An exciting part of the visit was learning about the school’s Water Filtration Bus. Yes, it’s an actual school bus. Seats were removed to install the filtration system. With help from the Water First! grant, the STAR School’s Water Filtration Bus demonstrates to students and community members how to make well water drinkable and how quality water tastes and smells using the filtration system.

Only three-quarters of the families who live in the STAR School attendance area have running water. The remaining families in Leupp, Birdsprings and Tolani Lake communities either haul water or are connected to a community well owned and operated by the school’s parent organization.

In the community assessment phase, the STAR School hosted a focus group of elders and discovered that people aren’t drinking the water because they feel the water tasted bad and was discolored. Many community members opt to purchase soda or other sugary beverages over bottled water, which can be pricey and unhealthy.

The STAR School is the first all off-grid, solar and wind powered, charter school in the country. The school serves students from pre-school to 8 th grade, and bases its philosophy around Navajo culture, kinship and clanship. 
1 Simple Way to Improve Your Holiday Shopping

It can be difficult to find the right gift, especially if you want to buy a gift that will last and be meaningful. There is one way to ensure your gift will be treasured.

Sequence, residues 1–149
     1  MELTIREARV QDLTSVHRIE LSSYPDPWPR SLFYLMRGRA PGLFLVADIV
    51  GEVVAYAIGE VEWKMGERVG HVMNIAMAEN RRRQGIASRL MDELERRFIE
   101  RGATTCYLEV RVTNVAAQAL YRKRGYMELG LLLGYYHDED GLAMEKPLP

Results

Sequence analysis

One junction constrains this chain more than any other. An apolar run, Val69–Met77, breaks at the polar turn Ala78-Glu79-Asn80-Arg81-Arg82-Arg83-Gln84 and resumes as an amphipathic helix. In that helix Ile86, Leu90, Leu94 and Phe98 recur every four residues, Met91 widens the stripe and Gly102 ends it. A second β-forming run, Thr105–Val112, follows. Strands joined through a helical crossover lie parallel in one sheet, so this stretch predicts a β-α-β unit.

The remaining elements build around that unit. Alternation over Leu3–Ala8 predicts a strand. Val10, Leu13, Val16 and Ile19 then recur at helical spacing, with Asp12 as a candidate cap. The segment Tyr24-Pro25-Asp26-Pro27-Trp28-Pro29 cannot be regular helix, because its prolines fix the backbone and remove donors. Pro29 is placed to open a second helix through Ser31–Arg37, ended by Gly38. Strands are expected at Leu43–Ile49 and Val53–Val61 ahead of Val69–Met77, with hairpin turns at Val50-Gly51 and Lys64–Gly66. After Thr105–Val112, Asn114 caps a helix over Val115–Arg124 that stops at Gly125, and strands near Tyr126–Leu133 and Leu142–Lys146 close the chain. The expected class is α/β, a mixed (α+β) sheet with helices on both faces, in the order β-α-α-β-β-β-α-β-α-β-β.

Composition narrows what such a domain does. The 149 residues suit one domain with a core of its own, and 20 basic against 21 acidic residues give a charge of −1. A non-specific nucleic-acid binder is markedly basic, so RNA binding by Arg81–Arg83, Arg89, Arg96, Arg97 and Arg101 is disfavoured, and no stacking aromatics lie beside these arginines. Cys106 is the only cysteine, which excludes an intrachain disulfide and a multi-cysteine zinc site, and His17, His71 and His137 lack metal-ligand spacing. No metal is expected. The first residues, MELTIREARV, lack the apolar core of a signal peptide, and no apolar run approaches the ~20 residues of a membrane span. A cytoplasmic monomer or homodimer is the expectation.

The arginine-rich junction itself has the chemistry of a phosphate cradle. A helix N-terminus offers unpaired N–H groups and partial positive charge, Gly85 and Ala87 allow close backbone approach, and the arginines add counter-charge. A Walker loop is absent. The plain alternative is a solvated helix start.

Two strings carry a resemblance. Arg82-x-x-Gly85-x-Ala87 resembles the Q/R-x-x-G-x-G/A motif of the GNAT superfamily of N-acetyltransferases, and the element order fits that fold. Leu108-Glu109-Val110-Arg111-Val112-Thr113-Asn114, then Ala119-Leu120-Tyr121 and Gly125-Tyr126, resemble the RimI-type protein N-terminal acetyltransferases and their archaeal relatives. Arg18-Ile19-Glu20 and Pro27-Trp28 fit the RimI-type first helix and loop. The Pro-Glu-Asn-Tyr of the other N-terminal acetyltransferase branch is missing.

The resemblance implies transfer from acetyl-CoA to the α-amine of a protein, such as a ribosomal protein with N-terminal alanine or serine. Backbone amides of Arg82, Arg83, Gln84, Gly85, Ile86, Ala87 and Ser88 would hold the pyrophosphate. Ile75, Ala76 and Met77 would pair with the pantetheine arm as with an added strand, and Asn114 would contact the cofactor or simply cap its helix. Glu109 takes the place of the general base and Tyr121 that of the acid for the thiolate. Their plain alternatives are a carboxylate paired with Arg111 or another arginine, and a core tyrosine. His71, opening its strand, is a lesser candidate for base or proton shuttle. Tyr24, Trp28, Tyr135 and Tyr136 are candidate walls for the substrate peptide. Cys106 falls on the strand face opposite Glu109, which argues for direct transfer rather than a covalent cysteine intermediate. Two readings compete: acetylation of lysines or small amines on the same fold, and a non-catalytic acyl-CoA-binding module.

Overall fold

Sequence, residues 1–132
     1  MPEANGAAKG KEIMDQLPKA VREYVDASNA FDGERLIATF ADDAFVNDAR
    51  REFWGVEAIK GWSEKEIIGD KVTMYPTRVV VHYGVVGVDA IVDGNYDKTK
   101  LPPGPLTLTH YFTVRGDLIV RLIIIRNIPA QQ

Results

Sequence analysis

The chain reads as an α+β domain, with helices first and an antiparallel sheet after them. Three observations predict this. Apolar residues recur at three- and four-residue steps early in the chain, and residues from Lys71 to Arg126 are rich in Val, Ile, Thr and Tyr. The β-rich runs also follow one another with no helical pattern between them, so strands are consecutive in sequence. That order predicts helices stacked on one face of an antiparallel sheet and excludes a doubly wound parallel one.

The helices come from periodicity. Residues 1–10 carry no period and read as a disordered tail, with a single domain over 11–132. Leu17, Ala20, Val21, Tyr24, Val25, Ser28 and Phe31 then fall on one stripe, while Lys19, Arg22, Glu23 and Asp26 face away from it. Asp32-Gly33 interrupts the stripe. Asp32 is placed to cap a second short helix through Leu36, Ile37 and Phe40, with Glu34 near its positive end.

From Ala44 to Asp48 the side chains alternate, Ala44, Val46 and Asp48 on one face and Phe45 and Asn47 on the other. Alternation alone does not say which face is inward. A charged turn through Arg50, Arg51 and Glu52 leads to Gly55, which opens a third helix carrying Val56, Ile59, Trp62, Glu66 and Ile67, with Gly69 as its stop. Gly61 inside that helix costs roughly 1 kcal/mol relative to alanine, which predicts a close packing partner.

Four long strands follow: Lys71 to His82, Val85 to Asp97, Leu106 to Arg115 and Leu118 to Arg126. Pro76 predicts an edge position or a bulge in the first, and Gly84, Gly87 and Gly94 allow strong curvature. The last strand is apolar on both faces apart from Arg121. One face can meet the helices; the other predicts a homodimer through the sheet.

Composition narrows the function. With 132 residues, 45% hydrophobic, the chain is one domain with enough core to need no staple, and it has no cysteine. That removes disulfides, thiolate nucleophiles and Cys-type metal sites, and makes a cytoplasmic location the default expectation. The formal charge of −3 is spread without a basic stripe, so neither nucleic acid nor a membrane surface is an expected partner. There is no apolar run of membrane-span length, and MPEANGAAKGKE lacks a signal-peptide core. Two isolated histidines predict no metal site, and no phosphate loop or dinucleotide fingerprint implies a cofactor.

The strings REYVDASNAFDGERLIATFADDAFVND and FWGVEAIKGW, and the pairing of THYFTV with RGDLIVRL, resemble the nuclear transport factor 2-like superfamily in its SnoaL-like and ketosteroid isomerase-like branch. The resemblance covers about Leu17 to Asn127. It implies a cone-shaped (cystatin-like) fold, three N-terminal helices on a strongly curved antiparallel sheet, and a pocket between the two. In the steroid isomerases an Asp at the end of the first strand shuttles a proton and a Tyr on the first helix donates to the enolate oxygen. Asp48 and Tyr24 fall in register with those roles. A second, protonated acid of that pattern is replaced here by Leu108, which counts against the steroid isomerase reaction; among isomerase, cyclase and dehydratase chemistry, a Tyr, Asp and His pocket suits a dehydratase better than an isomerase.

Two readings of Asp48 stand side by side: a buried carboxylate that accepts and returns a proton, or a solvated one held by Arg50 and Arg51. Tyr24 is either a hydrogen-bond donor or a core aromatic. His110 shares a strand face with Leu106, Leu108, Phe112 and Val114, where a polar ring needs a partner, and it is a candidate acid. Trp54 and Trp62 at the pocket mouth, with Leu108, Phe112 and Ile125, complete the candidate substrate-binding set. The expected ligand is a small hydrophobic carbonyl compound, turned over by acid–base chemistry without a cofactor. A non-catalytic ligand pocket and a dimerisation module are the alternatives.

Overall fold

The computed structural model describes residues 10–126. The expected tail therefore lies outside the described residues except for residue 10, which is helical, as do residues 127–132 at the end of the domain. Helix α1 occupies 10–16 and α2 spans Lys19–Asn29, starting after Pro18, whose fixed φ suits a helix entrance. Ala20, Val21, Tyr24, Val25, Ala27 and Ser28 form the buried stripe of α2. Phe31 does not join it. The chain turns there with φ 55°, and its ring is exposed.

Consider donating to the NB3 Foundation. This can be on behalf of someone on your list or in honor of a loved one. Your donation will make a lasting impact by supporting our health and fitness programming for Native American children. 

So come November we ask you to keep us in mind, particularly for Giving Tuesday. More and more people around the world are participating in Giving Tuesday as a day to “give back.” This year, the NB3 Foundation has a goal to raise $1,500.

Improve your holiday shopping by clicking the donation link in your inbox starting November 1st or the donation link on the NB3 Foundation Facebook page, Twitter posts and website. 

Your contribution will directly support our NB3FIT programs (soccer, cross country and golf), increasing healthy outcomes among Native American children through increased physical activity and improved healthy nutrition. 

Our youth involved with our programming learn will learn ways to conquer obesity and type 2 diabetes for a lifetime because of you. What better way to enhance your holiday giving and know it will be used and cherished? 

#HealthyKidsHealthyFutures #GivingTuesday
NB3F Intern Update
Congratulations to Natahlia Enoah! Natahlia recently began a master's program at the University of New Mexico's Health Education Program.

Natahlia interned with NB3 Foundation in the summer of 2017. We are excited for her very promising future in public health. We are proud of you!